What’s the difference? Music medicine vs. music therapy

A recent review from the widely respected Cochrane library compared ‘the effects of music therapy and music medicine interventions for psychological and physical outcomes in people with cancer’. Music medicine is when a medical professional provides pre-recorded music for the patients to listen to. While both have positive results, music therapy is preferred by patients and has a greater impact on their quality of life.

But what makes music therapy different?

Let’s start by thinking about why music is a powerful tool. We use music to narrate events in our life, help form our identity and to process our feelings. Whether it be music we sang in a choir, raved to at a festival, or heard at a funeral; music has the power to evoke emotion and remind us of specific times, events and people from our lives.

Our emotional reactions to pieces of music are not the same- whilst I experience most heavy metal as angry, a friend of mine uses it to wind down after a tough day! Similarly, I was once told an analogy about a boy who had been paralysed. His heart rate was high and in an attempt to relax him he was played classical music  through headphones. Unfortunately this did not have the desired effect and his heart rate rose. His parents were then asked what music he preferred to listen to at home-hip hop. This time they played him hip-hop music through the headphones and his heart rate lowered. We all respond differently to music, which makes it very difficult for the scientists trying to figure out what is going on in our brains.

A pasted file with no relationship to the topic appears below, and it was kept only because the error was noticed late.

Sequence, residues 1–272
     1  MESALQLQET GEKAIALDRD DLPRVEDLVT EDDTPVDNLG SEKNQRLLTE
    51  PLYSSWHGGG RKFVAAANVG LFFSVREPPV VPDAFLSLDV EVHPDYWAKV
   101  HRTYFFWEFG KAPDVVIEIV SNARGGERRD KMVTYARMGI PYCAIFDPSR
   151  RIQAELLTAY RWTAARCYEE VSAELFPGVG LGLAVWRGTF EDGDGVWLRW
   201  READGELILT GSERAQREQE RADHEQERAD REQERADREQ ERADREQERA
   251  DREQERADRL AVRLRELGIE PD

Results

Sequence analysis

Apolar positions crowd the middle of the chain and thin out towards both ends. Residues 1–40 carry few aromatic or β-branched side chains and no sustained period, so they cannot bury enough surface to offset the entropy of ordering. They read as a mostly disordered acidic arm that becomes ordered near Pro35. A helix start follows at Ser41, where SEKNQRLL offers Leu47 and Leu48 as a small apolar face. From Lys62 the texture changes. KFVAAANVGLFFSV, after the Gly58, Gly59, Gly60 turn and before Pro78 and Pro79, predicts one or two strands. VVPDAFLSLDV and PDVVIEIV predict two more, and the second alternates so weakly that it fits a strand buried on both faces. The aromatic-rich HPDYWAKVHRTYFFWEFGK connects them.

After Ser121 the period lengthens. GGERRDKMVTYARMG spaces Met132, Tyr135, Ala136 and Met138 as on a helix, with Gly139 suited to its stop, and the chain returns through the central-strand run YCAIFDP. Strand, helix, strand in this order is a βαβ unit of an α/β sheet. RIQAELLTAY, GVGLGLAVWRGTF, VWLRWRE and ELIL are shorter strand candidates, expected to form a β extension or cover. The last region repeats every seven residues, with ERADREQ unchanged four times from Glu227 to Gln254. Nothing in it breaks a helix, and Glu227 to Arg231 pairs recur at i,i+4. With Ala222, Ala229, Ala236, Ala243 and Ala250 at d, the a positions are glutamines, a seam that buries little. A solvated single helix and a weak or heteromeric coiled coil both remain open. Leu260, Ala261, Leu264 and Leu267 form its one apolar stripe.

That analogy demonstrates how music medicine can be effective and how import it is to think about the individual. However, music medicine is about listening to music in isolation whereas music therapy is inherently interactive.

In music therapy, thinking about the person as an individual is the starting point. In my work I find out about the person’s background and musical preferences so I can personally tailor the sessions. From that starting point I have a lot more flexibility within the session than recorded music ever could. Whether I am working with someone who is articulate or completely non-verbal, I am observing how people respond to music. I look at what my patient says, how they play with instruments or more subtle changes such as a change in skin tone or a clenched fist. I then use my improvisation skills to change how I play from moment to moment, trying my best to meet that person where they are at.

I think about the therapeutic processes going on in the room, for example how a patient’s way of interacting with me might reflect relationships in their own life, and how what I’m doing might affect them. I do my best to offer emotional support to the person- that might be playing supportive music alongside them; supporting them to write a song; or simply being there and offering a creative way of listening.


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